'Under the provisions of the Act there can be assessments made either on a firm as such or on the partners of the firm in given circumstances. When there has been only an assessment on the firm as in the case before us the firm alone is considered as an assessee for the purpose of the act and it is to that firm that notice has to be issued under section 156 of the Act and if the notice has not been complied with, it is that firm that can be treated as a defaulting assessee which can be proceeded against as envisaged by section 222 of the Act. This section commences by stating when an assessee is in default......... The question is whether the partners of a firm can be said to the assessees when the firm as such alone has been assessed. Counsel for the revenue contended that by virtue of section 25 of the Indian Partnership Act the partners of a firm assessed as such must also be treated as assessees. We do not think that it is possible to accept the contention in the light of the provisions of the Act, which envisage separate assessments being made on the firm as such and on the partners separately.' It has further been stated at page 149 of the said decision :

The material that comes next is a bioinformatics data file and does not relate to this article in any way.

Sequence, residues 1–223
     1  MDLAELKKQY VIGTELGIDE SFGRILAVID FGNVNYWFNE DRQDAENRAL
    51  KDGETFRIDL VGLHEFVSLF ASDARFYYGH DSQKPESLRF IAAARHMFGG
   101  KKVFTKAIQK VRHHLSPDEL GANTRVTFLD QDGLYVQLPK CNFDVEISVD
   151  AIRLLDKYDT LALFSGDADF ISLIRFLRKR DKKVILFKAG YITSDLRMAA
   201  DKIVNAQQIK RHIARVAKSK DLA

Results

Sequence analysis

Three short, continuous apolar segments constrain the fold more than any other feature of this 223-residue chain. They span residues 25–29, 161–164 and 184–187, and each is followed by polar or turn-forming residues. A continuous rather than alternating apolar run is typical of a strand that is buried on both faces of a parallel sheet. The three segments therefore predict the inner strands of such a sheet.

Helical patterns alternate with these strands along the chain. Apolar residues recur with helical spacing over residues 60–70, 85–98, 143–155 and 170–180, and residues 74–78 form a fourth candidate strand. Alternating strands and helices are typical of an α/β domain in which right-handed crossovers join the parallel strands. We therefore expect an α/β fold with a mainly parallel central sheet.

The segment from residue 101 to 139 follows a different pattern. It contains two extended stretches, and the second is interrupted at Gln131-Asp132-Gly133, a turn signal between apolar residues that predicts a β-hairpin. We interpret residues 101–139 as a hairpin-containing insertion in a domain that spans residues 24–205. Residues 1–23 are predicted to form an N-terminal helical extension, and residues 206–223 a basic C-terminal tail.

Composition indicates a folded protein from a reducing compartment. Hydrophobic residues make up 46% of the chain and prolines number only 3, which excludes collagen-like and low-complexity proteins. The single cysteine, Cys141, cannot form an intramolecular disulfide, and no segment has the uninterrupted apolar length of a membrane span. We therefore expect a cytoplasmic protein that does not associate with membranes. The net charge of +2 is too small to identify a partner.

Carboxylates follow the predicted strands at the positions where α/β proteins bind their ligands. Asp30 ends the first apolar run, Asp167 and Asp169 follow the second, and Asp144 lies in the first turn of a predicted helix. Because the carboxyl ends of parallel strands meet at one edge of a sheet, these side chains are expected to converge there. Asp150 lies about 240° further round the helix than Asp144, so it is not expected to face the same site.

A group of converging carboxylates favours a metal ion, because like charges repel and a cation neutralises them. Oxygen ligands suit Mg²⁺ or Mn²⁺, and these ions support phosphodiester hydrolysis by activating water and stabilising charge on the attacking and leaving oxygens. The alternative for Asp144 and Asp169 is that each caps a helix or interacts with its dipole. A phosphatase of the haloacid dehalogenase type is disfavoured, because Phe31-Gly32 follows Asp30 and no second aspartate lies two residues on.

'Any liability for income-tax imposed on a firm as such under the Act cannot be treated as the liability of the individual partners of the firm arising under the Act by importing the general principles of partnership law as the scheme of the Act visualises proceedings being taken against the firm or the partners only if a liability is imposed under the provisions of the Act against the firm or the partners thereof.'